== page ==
Understanding Probationary Periods in Overseas Employment

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Atlas Team

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Published: 15 Sep 2023

When companies expand their business overseas, setting a probationary period is often part of the consideration when hiring new employees. A probationary period is a time period during which both the employer and employee can evaluate their working relationship. Different countries have varying regulations concerning the issues including duration of probationary period, the termination of employment during this period etc. It is crucial for businesses to pay close attention to these regulations to be compliant while protecting the rights of both parties.

Setting the Duration of the Probationary Period

The length of a probationary period can be determined based on local labour laws. For instance:

  • Australia: Probationary periods will often reflect the "minimum employment period" for purpose of unfair dismissal jurisdiction. If an employee’s employment is terminated during this minimum employment period, he/she cannot bring an unfair dismissal claim. Hence, employers normally set probationary periods not exceeding the minimum employment period, which is 12 months for small business employers and 6 months for other employers in Australia.

  • Singapore: Probationary periods in Singapore usually do not exceed 6 months, especially for employees in managerial or professional roles (“PMEs”). This is because these employees are not able to file unfair dismissal claim if their employment is terminated within 6 months.

  • Thailand: A recommended probationary period in Thailand is no longer than 119 days. If the employment last for 120 days or more, employees are entitled to statutory severance pay.

In some countries there is statutory maximum duration for probationary period. For example:

  • Bangladesh: Probationary periods, depending on job nature, typically range from 3 to 6 months.

  • Philippines: Probationary periods in the Philippines cannot exceed 6 months.

  • Vietnam: The length of probationary periods in Vietnam varies depending on job nature, ranging from 6 days, 30 days to 60 days.

Termination of Employment during the Probationary Period

Notice periods applicable for termination during the probationary period may be different than those for termination of regular employment. For example:

  • Hong Kong: Employers can immediately terminate probationary employees within the first month. After the first month, a 7-day notice or payment in lieu is required.

  • Indonesia and the Philippines: By law, termination during the probationary period does not require advance notice or payment in lieu.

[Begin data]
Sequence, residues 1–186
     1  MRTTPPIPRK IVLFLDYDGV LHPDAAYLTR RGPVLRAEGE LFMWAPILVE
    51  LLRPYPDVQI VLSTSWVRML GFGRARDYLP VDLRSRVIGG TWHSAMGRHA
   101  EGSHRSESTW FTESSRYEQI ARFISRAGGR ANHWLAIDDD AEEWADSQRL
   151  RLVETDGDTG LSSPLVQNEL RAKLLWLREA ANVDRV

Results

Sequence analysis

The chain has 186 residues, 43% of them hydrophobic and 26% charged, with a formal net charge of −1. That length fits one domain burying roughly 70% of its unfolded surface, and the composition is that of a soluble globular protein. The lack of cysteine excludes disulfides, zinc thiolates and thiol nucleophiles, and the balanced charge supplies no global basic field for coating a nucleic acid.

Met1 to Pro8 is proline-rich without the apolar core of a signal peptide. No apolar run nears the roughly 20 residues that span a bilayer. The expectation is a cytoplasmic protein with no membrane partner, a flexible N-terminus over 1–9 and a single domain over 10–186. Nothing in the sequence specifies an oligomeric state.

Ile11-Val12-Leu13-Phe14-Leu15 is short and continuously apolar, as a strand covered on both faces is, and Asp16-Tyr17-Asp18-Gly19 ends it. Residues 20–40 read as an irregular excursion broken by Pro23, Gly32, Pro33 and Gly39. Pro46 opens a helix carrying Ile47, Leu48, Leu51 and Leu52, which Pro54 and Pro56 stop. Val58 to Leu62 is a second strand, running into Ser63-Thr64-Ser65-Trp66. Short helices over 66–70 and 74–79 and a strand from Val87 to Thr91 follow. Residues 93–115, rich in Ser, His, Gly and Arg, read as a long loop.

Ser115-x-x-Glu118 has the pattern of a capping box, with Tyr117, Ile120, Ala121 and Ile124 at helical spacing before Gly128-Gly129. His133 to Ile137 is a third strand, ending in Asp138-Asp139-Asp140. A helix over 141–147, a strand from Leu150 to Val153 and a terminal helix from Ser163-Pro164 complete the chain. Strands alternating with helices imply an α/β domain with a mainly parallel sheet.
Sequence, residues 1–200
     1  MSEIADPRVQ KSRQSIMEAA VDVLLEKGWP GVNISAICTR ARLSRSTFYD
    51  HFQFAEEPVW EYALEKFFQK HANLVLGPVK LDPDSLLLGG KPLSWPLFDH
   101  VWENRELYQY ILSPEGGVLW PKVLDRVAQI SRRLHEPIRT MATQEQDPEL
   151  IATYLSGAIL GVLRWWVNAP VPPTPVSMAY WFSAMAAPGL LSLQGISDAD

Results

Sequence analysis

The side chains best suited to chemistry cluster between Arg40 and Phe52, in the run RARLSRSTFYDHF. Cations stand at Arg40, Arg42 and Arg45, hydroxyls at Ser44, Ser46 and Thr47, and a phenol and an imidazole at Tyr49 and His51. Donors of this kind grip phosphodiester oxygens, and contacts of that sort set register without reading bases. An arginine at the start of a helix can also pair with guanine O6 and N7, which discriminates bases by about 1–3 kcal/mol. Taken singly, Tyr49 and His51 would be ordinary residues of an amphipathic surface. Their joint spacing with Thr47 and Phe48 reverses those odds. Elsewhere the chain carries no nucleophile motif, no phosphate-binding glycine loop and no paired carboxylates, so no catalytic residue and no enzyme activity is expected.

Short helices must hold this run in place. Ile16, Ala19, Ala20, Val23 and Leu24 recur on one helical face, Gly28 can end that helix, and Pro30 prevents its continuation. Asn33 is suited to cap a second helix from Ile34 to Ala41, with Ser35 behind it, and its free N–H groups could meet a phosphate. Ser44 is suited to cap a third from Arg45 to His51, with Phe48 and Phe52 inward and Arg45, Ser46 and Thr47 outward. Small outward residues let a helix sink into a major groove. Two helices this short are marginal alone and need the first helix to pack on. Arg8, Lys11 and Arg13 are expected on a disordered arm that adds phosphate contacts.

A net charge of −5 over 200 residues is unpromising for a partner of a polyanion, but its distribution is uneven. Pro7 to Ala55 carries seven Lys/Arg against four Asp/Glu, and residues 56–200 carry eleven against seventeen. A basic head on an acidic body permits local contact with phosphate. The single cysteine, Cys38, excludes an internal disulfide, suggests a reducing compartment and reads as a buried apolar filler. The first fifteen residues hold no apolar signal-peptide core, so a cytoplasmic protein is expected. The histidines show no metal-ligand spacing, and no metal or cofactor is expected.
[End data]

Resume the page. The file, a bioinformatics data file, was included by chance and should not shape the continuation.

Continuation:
However, in some Asian countries like China, Japan, and South Korea, terminations during probationary period do not imply that employers has the right to terminate employees without valid ground. In case dispute arises, employer must be able to provide valid reason and proof for not granting the employee a permanent employment.

Extension of Probationary Periods

In some countries, the law permits or does not restrict agreement to extend probationary period by mutual consent or unilateral decision by the employer. This is the case in Malaysia, Myanmar, and Singapore. However, in countries like China, Japan, and Indonesia, the law limits or prohibits extending probationary periods unilaterally.

Other Special Regulations

Certain countries have other peculiar regulations regarding probationary periods. For instance, in Indonesia and Thailand, only indefinite-term employment contracts can include probationary periods, while fixed-term contracts cannot.

In Vietnam, probationary contracts can be negotiated separately, i.e., independent of the regular employment contract. However, in some countries like China, probationary periods must be included as part of the employment contract's duration.

In Sri Lanka, employers are obligated to provide written notice to employees who are acknowledged of permanent status.

When venturing into overseas recruitment, it is important to understand the applicable regulations on probationary period . Companies are encouraged to navigate the diverse labour laws and regulations of each country they operate in. Consulting with local legal experts is also advisable to ensure full compliance with the local laws. In addition, partnering with professional human resource service providers, such as Employer of Record (EOR) service provider like Atlas, can help companies streamline the overseas hiring process and ensure legal compliance, allowing companies to focus on their core operations while mitigating associated legal risks.

Join us in the latest Ask Atlas episode as June JI, APAC Senior Manager for Employment Law & Compliance at Atlas, to learn more about key legal considerations for Chinese companies hiring employees abroad. We answer your top searched questions on global workforce compliance.

*Disclaimer: This article provides general information and does not constitute legal advice. It is recommended to consult with legal professionals to address specific legal concerns related to your business.